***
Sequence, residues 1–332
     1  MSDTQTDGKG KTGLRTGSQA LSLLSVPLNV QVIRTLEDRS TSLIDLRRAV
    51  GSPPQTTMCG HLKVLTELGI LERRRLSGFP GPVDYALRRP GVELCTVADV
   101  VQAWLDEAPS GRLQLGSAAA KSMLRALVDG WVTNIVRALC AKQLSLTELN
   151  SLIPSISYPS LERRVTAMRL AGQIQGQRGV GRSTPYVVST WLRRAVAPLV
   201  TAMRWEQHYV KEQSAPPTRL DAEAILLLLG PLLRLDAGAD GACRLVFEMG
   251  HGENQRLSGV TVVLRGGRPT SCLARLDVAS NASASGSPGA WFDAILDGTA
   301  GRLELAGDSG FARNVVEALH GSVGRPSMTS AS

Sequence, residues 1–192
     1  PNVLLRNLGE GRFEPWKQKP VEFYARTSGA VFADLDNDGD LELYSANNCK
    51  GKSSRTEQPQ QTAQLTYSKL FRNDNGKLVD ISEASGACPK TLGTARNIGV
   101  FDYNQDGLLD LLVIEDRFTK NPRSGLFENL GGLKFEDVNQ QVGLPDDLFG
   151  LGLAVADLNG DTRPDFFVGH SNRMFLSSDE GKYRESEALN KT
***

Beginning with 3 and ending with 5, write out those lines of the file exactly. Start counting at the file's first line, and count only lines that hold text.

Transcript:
    51  GSPPQTTMCG HLKVLTELGI LERRRLSGFP GPVDYALRRP GVELCTVADV
   101  VQAWLDEAPS GRLQLGSAAA KSMLRALVDG WVTNIVRALC AKQLSLTELN
   151  SLIPSISYPS LERRVTAMRL AGQIQGQRGV GRSTPYVVST WLRRAVAPLV